Use of administrative data shows EU migration was much higher than previously estimated
New publications from the Office for National Statistics set out a substantial change in methodology for estimating net migration
18 April 2021
The Office for National Statistics (ONS) on Friday released several important reports detailing its current research and new methodology for estimating international migration, which is substantially changed from the previous methodology used by the ONS.
A useful overview report, available here, summarises the ONS's transformation of its population and migration statistics, as it moves away from the previous International Passenger Survey (IPS) to the new admin-based migration estimates (ABMEs). The change has been accelerated by the Covid-19 pandemic.
In a separate report International migration: developing our approach for producing admin-based migration estimates, which you can read online here, the ONS explains: "Using administrative data to measure international migration presents a substantial change in methodology, and it is important that this is recognised when comparing this new approach against previous estimates. Until now, estimates based on the International Passenger Survey (IPS) record migrants' intentions to remain in or out of the UK in the next 12 months. Our new approach, based upon administrative data, reports on the observed length of activities within these datasets to estimate migration into and out of the UK. This has the benefit of removing uncertainty around migrant intentions where administrative data are based on actual observed patterns of behaviour."
The new ONS method uses Home Office border data and, in particular, data from the government's Registration and Population Interaction Database or RAPID.
A further report on Methods for measuring international migration using RAPID administrative data, available here, states: "The Registration and Population Interaction Database (RAPID) is created by the Department for Work and Pensions (DWP) to provide a single coherent view of citizens' interactions across the breadth of systems in the DWP, HM Revenue and Customs (HMRC) and local authorities via Housing Benefit. RAPID covers everyone with a National Insurance number (NINo) and for each person, the number of weeks of 'activity' within these systems is summarised in each tax year from the one that ended in 2011 to the most recent tax year available (currently the one that ended in 2020)."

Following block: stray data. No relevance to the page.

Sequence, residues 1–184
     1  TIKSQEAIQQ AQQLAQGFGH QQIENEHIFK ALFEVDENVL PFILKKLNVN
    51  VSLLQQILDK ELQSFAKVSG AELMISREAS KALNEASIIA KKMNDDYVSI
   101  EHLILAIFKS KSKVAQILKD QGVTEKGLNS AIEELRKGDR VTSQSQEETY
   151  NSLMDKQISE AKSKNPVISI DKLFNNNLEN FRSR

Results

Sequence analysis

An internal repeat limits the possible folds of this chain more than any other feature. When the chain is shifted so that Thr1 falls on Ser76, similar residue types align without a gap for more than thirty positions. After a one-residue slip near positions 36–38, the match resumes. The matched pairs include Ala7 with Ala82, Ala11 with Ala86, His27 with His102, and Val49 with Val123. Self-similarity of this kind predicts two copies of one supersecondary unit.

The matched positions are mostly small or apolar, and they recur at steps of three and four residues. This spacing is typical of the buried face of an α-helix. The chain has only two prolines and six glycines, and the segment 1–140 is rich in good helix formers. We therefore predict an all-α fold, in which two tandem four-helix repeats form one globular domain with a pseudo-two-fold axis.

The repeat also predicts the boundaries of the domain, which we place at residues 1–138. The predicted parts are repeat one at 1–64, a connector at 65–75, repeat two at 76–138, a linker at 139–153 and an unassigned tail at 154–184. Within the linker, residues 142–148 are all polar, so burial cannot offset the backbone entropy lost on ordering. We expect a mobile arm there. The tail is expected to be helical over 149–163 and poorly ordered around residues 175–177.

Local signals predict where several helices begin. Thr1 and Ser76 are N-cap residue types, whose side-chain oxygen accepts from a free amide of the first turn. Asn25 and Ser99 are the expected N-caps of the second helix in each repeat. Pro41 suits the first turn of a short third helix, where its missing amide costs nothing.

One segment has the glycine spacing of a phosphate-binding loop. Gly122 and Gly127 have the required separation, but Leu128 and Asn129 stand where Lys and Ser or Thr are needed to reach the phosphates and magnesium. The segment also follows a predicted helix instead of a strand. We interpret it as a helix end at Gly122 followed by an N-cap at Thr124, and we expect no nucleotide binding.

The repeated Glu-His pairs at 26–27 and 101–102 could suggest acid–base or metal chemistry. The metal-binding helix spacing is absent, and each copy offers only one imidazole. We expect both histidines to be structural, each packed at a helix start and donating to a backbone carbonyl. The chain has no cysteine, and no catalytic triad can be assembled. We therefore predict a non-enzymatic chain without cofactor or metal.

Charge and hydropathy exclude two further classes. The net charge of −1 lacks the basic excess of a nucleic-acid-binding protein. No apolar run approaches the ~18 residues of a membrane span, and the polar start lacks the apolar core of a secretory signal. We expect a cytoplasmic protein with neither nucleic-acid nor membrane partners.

The report explains how the ONS is now focusing on RAPID data to estimate international migration.
There's plenty to read from the ONS so you may wish to also see a usefully short summary here from the Migration Observatory at the University of Oxford. It notes that the ONS's overall new estimate of net migration to the UK from March 2012 to March 2020 is only slightly higher than previous estimates (an increase of 15%), but EU migration makes up a much larger share of the total than previously estimated. In contrast, non-EU migration is lower than previously estimated.
The Migration Observatory stated: "Using the new method, ONS estimates that net EU migration averaged 216,000 from during the 9-year period ending in March 2020. This is 93,000 or 76% higher than previous survey-based figures (which had themselves already been revised upwards previously)."
The Home Office reported last week that it has now had over 5 million applications to the EU Settlement Scheme. Less than 5 per cent of those were repeat applications. Professor Jonathan Portes of King's College London said on Twitter that this "[i]mplies that the number of EU nationals resident in the UK pre-Brexit was *far* higher than published estimates."
Madeleine Sumption, the director of the Migration Observatory, said the new ONS publications "should really boost our confidence that UK migration statistics are getting more accurate and more useful for informing the public debate."
In terms of the latest net migration figures from the ONS for the year ending June 2020, Liz McKeown of the ONS highlighted in a blog post on Friday:
"The 12 months leading up to year ending June 2020 were unprecedented in many respects, not least in terms of migration and international travel …
"Net migration, largely driven by non-EU arrivals but also some British citizens coming home before the pandemic fully hit the UK, was higher than the historical average up to March 2020. Our latest analysis of international migration shows that, to mid-year 2020 net migration was around 282,000 – which largely reflects the pre-pandemic period. If we look specifically at the patterns following March 2020, we can see a notable change due to the impact of travel restrictions, with net migration for quarter 2 around -50,000 (this is the sum of the central modelled estimates of net migration for April, May and June 2020).
"Taking this data into account, our preliminary analysis suggests the UK population grew to 67.1million by mid-2020 – a 0.5% annual increase from mid-2019 – marking one of the smallest increases seen in the context of historical trends. This reflects a higher number of deaths and a continued decrease in the number of births being offset by a higher level of net international migration."